Bayesian Updating: How We Predict the Future
I hope you’re enjoying the course so far!
Today’s mental model is going to show us the right way to use a crystal ball when thinking about the future. With Bayesian Updating, you’ll see that there’s nothing mysterious about it at all.
What Is Bayesian Updating and Why Is It True?
This mental model is named after English minister Thomas Bayes, who wrote about the concept in an essay published in 1763, later inspiring economists and probability theorists, including the renowned Pierre-Simon Laplace.
What Bayes suggested for future forecasters was this: Factor in everything known prior to the prediction. Then, for every guess made, collect additional information and modify the prediction again. Continue to update in this fashion.
This is Bayesian Updating.
Machine learning is a good example of Bayesian Updating in action. Everything you do to your devices is collected in a cache of memory, and your devices try to learn how to better predict what you will do. Take the example of a Google search autofill or autocorrect on your phone.
This is a great way to explain why Bayesian Updating works:
When we make decisions about the world, we base them on what we think we know.
When we make intelligent decisions about the world, we factor in all prior known information.
When we make the most intelligent decisions possible, we update our understanding of what that means each time, based on previous decisions.
We can’t ever know the future with certainty, but we can eliminate numerous wrong assumptions about the future and continually update our expectations with them.
Applying Bayesian Updating
You make decisions continually. Many times, you might be reacting and not sure of the answer. Do you say yes to the interview opportunity with an obscure blogger that’s going to take two hours of your time to prepare? Do you rush to get the leaky toilet fixed and interrupt your work day (even though it still works just fine)?
I can certainly tell you that there are decisions I now make differently.
Once upon a time, when an email would pop up in my inbox, I’d be quick to check it and reply.
Today, I ignore it unless it’s an emergency (I don’t even keep my email tab open).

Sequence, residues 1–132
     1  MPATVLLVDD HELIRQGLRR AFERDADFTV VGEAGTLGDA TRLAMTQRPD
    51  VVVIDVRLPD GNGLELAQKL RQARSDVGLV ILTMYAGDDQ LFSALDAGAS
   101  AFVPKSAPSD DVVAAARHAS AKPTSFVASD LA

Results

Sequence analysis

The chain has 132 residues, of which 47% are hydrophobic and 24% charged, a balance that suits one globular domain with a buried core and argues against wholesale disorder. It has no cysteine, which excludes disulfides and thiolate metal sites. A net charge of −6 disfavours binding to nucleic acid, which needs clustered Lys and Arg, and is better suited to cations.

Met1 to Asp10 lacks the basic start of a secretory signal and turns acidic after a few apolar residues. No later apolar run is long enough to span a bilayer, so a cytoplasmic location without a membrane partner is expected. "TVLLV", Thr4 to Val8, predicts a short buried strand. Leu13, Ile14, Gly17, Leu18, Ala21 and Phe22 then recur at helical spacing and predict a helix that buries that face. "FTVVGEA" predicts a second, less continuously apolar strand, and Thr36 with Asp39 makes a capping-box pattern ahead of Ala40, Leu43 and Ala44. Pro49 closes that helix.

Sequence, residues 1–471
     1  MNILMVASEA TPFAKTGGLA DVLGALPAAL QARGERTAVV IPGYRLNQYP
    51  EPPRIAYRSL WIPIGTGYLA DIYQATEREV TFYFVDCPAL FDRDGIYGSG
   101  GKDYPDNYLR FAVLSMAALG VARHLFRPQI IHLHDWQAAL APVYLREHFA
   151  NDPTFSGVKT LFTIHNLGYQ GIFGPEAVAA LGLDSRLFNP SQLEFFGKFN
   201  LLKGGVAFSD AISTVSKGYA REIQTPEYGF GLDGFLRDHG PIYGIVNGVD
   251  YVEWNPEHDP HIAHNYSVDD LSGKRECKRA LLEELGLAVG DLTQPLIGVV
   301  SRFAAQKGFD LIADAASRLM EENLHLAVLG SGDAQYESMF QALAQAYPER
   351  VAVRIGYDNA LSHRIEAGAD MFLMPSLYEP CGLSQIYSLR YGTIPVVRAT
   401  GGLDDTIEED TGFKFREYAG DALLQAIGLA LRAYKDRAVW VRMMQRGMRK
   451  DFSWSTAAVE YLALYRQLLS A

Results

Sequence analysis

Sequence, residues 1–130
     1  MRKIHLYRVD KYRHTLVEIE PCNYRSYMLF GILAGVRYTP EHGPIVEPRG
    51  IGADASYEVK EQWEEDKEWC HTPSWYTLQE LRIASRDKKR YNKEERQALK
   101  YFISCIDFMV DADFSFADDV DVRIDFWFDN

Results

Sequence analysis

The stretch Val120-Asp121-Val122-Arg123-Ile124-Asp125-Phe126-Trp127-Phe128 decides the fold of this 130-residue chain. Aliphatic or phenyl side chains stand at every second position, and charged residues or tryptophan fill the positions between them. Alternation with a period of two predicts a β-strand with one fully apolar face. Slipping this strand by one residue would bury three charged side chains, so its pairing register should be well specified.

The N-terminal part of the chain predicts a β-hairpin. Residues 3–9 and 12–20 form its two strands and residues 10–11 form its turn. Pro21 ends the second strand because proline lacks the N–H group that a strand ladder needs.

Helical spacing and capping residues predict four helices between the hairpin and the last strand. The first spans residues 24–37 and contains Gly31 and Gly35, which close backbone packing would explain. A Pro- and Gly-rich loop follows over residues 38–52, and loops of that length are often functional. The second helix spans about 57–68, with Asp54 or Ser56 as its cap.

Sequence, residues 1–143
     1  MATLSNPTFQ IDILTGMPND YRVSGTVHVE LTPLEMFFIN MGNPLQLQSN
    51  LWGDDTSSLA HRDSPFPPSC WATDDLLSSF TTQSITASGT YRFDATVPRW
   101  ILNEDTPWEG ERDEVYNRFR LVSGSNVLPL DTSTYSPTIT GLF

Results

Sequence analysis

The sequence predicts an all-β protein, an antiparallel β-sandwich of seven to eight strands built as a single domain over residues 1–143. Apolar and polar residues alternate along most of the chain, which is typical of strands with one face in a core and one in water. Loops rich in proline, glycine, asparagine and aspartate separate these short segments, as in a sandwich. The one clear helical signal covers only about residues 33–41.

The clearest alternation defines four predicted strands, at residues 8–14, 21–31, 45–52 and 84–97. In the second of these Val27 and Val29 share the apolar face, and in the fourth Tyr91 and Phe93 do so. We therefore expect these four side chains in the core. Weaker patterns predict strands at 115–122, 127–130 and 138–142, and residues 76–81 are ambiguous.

Why do I make this decision? Because I’ve learned that through choosing the first action, my productivity goes down, I get stressed out unnecessarily, and most importantly, I waste time writing longer emails, with unnecessary verbiage, that I really should either not write at all or take one to two sentences to write instead.
You likely have many situations in your life where you can learn from outcomes from the same kinds of choices. Going back to Lesson 1, a morning routine is a good example. What’s the best way to start your day? There isn’t a perfect way, but you can learn from continually trying different things and keeping track of how you function, which is the best way to start.
The best situation to apply Bayesian Updating is any outcome that matters to you.
For example, if you want to spend 20 hours a week reading, what choices must you make for that to happen? You might start by trying to read for ten hours on Saturday and ten hours on Sunday, since these are your days off.
Monday comes, and you check your data: three hours total! Ouch!
But you try again next week, and you apply Bayesian Updating to learn from the last time. Of the three hours, you got them in near the end of the day. So, you try three hours at the end of every day. This will land you at 21 hours, so there’s grace room.
Next Monday comes and you check your data: 13 hours. Much better!
Most of those were 45- to 60-minute sessions on weeknights. Reassessing your weekends, you realize you just have too many family commitments. You plan to go off to a quiet coffee shop the next weekend. Instead of shooting for 20 hours, you want to beat 13 hours, and your goal will be to keep beating your previous week until you eventually hit 20 hours.
You can see in this example how Bayesian Updating can help you arrive at an outcome, but you’ll have to continually update your understanding of how you fail to achieve it, so as to try other pathways.
Bayesian Updating is a mental model that allows you to continually improve your decisions based on using everything you know beforehand and everything you learn from previous decisions.
Do the above Bayesian Updating example on reading for 20 hours, but with any important outcome you want to see each week.
Tomorrow, we’ll explore a mental model that’s about the power of silence. Stay tuned!
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